Background: Pyrenoids are protein microcompartments composed mainly of Rubisco that are localized in the chloroplasts of many photosynthetic organisms. Pyrenoids contribute to the CO2-concentrating mechanism. This organelle has been lost many times during algal/plant evolution, including with the origin of land plants. The molecular basis of the evolutionary loss of pyrenoids is a major topic in evolutionary biology. Recently, it was hypothesized that pyrenoid formation is controlled by the hydrophobicity of the two helices on the surface of the Rubisco small subunit (RBCS), but the relationship between hydrophobicity and pyrenoid loss during the evolution of closely related algal/plant lineages has not been examined. Here, we focused on, the Reticulata group of the unicellular green algal genus Chloromonas, within which pyrenoids are present in some species, although they are absent in the closely related species.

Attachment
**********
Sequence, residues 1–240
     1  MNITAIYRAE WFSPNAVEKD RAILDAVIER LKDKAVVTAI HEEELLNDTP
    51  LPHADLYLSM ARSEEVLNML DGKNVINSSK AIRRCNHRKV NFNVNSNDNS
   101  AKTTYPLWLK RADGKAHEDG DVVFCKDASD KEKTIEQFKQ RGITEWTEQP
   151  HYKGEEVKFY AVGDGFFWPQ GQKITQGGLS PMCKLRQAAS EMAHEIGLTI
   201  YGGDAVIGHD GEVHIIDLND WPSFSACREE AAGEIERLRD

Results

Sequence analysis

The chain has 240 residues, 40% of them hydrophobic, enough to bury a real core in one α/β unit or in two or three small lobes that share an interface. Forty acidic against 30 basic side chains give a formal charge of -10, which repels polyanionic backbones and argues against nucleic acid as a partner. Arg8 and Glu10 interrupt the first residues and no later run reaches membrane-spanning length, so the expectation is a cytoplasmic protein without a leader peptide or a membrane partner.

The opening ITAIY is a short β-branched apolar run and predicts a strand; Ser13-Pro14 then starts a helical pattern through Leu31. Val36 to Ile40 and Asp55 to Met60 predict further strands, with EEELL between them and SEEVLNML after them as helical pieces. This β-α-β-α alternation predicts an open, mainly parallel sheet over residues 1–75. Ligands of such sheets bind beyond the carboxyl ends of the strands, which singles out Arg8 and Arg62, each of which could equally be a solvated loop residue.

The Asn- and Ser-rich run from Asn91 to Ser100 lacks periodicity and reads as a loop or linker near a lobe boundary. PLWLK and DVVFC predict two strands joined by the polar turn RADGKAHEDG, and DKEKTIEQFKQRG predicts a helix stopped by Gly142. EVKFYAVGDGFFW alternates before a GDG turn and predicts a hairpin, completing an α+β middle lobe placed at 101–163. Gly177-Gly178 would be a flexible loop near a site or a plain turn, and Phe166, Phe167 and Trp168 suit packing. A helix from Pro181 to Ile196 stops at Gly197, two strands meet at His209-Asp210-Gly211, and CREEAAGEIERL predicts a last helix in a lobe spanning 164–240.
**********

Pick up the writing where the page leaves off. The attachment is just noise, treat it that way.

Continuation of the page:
Results: Based on de novo transcriptome analysis and Sanger sequencing of cloned reverse transcription-polymerase chain reaction products, rbcS sequences were determined from 11 strains of two pyrenoid-lacking and three pyrenoid-containing species of the Reticulata group. We found that the hydrophobicity of the RBCS helices was roughly correlated with the presence or absence of pyrenoids within the Reticulata group and that a decrease in the hydrophobicity of the RBCS helices may have primarily caused pyrenoid loss during the evolution of this group.
Conclusions: Although we suggest that the observed correlation may only exist for the Reticulata group, this is still an interesting study that provides novel insight into a potential mechanism determining initial evolutionary steps of gain and loss of the pyrenoid.
Keywords: Chloromonas; Evolution; Green algae; Hydrophobicity of RBCS helices; Pyrenoid; Pyrenoid loss; Rubisco small subunit (RBCS).